One of my goals for 2016 is expanding my repertoire in the kitchen, both with recipes and with techniques. I’ve gotten lazy, thanks to Costco, and have relied on already prepared entrees far too often. Tasty and quick, these dishes nevertheless leave the ingredient quality, the amount of additives and preservatives, and anything else up to someone else. I’d prefer to be in control.
There are plenty of cookbooks on my shelf, at least 60, plus folders and binders with recipes cut from magazines and newspapers or gathered from friends. Bon Appetite magazine has arrived here and there over the years yet I find myself reading their recipes and finding them just “too much” with ingredients I don’t have, techniques I don’t know, and often far too calorie laden. Cooks and Cooks Country are more appreciated because they include the back story of the various ingredients and methods tried and how the final recipe evolved, ratings of kitchen items and grocery products which I find helpful, and photos of every completed dish. I like to know how the completed dish will look.
Ah, but back to eggs. The first thing my father taught me to cook was an egg. I know I wasn’t yet 7, and probably a couple of years younger, needing to stand on a stool to reach the top of the stove. Dad carefully placed the cast iron skillet on the stove, showing me how to be sure it was hot enough, and perfectly cracked the egg into the skillet. One whack, one perfect egg in the pan. When that was done he had me stand over the table and practice cracking a few eggs until I used just the right pressure to break them in half and not break the yolk. Next, I got to cook an egg in the pan, all by myself, but with dad watching.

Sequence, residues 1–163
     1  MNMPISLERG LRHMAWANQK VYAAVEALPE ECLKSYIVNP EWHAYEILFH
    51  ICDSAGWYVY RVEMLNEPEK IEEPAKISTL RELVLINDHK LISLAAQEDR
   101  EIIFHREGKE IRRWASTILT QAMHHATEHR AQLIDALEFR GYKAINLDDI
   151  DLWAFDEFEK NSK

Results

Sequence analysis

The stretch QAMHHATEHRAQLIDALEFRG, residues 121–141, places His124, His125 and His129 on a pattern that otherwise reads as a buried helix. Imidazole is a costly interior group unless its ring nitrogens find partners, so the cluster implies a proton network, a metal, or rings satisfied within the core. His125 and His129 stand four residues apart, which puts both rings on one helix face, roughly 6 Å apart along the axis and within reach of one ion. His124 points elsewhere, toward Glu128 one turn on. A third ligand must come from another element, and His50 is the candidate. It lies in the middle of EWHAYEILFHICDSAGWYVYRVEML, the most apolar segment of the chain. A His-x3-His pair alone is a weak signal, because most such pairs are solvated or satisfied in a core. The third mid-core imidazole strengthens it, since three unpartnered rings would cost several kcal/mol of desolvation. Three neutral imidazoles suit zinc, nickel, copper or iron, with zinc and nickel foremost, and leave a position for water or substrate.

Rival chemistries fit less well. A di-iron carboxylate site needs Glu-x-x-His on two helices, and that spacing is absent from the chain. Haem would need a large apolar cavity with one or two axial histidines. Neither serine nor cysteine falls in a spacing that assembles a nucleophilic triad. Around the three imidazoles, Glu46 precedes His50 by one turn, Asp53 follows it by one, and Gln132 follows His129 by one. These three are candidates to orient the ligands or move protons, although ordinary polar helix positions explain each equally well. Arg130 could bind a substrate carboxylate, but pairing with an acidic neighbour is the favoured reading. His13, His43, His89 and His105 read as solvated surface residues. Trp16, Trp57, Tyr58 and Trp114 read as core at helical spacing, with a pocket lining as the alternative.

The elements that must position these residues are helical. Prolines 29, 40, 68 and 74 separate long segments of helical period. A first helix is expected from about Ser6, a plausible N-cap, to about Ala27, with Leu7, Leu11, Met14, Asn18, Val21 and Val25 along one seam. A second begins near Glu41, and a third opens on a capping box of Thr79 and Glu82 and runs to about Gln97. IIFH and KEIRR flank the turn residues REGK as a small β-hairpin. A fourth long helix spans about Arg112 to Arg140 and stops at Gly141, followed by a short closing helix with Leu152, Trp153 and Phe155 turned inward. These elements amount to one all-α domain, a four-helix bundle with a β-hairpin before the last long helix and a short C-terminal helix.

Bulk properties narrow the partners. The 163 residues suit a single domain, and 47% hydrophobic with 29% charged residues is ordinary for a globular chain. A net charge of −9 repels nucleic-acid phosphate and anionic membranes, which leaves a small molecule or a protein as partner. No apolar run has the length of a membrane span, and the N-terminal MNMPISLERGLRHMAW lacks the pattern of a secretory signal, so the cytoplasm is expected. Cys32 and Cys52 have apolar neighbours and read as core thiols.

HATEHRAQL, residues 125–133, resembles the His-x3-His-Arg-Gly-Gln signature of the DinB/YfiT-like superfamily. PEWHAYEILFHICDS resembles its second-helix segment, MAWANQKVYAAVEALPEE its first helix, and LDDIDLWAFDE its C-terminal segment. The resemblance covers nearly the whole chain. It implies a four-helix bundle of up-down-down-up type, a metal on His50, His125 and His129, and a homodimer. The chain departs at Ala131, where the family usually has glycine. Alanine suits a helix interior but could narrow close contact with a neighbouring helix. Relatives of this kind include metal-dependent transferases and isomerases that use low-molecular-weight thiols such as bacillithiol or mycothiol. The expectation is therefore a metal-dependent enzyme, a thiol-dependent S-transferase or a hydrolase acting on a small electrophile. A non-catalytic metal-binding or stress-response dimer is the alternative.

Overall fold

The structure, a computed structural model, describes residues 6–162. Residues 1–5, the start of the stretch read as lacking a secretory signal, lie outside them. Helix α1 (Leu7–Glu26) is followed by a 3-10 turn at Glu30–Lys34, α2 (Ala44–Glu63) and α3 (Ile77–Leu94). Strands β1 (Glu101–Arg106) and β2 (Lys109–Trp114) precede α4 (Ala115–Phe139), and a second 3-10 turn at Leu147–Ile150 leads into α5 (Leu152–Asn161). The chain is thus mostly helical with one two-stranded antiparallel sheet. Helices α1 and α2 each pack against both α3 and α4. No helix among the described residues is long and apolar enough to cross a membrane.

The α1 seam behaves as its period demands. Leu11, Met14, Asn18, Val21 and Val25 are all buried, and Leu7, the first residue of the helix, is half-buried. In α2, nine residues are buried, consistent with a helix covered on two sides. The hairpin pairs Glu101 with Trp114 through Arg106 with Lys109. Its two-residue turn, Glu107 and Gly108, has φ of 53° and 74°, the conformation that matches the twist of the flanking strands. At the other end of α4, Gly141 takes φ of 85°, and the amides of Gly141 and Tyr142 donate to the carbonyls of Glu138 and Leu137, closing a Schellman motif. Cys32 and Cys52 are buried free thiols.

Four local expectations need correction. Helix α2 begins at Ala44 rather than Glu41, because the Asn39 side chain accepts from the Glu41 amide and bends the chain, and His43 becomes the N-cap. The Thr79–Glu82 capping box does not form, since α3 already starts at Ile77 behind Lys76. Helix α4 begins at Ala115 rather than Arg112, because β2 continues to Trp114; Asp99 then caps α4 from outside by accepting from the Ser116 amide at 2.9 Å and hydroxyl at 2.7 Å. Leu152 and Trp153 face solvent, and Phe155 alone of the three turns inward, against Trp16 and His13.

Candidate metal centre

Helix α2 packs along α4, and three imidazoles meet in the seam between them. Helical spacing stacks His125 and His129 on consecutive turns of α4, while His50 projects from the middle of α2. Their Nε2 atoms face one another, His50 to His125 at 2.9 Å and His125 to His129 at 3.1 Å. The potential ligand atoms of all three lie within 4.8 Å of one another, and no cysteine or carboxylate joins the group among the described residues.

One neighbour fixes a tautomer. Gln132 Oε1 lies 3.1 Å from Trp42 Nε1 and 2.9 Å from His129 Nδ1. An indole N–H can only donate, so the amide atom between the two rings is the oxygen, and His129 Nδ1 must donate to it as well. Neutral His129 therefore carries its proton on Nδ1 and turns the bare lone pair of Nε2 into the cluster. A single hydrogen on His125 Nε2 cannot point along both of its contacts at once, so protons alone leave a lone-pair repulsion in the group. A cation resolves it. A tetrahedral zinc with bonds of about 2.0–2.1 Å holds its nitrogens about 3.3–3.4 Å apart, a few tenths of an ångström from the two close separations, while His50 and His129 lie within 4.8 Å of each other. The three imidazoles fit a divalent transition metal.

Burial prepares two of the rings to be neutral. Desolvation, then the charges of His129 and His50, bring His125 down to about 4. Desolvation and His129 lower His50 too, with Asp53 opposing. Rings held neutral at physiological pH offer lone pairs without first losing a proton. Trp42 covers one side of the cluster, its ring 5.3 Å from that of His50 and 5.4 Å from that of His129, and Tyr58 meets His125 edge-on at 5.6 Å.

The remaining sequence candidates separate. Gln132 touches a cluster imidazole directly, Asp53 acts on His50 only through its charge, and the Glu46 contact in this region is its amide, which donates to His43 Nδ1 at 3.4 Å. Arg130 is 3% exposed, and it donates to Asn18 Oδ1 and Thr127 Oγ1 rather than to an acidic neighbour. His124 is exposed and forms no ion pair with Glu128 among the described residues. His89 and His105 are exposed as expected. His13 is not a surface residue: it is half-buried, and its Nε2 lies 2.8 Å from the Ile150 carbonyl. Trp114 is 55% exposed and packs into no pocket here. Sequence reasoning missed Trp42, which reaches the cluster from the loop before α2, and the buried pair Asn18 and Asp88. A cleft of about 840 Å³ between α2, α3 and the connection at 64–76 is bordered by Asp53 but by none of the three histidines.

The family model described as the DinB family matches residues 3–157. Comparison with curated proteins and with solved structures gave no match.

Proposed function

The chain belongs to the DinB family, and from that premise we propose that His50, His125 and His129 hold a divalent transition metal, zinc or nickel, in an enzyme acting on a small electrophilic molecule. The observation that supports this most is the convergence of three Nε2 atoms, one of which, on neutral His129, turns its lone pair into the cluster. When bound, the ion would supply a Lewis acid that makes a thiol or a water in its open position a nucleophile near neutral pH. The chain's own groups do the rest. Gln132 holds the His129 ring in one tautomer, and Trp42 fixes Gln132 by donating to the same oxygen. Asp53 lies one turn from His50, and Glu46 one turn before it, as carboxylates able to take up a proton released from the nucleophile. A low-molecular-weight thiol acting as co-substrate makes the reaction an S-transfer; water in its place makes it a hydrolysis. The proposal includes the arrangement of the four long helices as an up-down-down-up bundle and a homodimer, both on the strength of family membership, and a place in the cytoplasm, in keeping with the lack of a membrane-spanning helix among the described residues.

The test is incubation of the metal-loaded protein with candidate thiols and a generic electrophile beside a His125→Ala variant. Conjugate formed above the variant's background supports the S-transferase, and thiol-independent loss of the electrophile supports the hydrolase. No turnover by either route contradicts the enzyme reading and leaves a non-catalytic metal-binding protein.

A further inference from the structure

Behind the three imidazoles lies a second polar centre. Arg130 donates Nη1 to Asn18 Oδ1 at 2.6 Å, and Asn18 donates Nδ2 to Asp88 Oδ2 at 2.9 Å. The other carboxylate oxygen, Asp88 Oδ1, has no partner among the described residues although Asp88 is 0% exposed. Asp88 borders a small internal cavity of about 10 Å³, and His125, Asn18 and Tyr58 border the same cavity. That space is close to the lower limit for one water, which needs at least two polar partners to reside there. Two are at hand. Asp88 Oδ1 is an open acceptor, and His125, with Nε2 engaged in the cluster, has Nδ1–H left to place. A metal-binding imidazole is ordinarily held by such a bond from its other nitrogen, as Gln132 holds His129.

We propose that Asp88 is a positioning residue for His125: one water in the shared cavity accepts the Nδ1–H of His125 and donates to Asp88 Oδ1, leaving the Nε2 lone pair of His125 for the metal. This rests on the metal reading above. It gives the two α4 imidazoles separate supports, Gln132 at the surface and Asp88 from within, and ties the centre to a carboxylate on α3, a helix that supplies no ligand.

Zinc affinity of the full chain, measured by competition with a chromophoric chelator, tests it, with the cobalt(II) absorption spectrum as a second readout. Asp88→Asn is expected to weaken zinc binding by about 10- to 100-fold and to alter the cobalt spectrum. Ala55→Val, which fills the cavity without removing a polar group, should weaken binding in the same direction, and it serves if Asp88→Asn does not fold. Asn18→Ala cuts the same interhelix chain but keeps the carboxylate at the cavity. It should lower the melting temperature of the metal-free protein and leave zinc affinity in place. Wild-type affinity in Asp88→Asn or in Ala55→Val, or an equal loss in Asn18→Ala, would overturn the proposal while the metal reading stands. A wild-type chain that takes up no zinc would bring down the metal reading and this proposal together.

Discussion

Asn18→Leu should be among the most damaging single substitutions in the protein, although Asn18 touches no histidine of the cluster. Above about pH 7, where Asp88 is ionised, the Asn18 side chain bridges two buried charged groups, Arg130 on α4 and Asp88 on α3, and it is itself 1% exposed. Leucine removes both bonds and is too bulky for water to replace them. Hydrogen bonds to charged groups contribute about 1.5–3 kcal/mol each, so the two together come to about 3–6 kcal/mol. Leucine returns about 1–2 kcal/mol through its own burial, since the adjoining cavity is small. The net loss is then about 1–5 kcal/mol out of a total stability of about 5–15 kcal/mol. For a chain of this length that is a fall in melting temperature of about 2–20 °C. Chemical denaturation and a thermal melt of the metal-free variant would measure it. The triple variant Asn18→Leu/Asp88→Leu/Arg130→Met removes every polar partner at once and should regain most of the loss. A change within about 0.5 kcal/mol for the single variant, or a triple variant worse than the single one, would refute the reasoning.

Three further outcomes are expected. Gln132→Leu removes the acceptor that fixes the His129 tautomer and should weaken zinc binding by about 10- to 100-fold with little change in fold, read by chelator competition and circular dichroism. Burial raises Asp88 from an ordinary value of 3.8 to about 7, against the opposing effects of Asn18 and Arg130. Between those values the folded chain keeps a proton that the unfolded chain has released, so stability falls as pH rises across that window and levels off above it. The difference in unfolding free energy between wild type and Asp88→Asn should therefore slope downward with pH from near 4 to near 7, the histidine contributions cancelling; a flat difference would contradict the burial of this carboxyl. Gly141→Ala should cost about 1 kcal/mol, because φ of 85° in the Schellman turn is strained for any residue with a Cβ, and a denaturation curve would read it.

Why dad? He was a cook in the U.S. Navy in WWII, graduating from Chief Commissary Steward School. He would talk about that with the same pride that Annapolis graduates speak of their accomplishments. Dad’s specialty was cracking an egg with one hand, opening it to an unbroken yolk. In his day, I’d seen him at church events cracking 2 eggs in each hand, all four yolks unbroken.
Mom was another story. Her scrambled eggs were often runny – something I did not like – and the hard boiled eggs had the tell-tale green edge around the yolk and rubbery white, identifying it was having been overcooked. It wasn’t until college that a friend, Sandy Messer, entertained us at lunch by explaining that the first thing she had learned in cooking class was how to boil an egg. What a revelation! You mean I didn’t need to boil for 30 minutes? Put eggs in a pan, cover with 1 inch of water, bring to a boil, cook for 3 minutes and let sit for 20 before immersing in cold water is the method I’ve used since then.
All of this brings me back to today and my goal for 2016. A couple of weeks ago I signed up to get the New York Times daily food/recipe articles. So far so good with a variety of chicken and a pumpkin Bundt cake with cranberries, apples, and pecans tried successfully. But today’s articles included “How To Make Eggs, A guide by Julia Moskin”, along with a tutorial on terminology. My cooking method is pretty close to what the article suggests for hard boiled but I’ve been scrambling wrong all these years. Hubby loves poached, so I’ll give those a try one morning and maybe attempt a frittatta. The article link follows (cut and paste, I’m not hyperlinking well today). Take a look and let me know what you think. Better yet, try something and invite me over for a taste.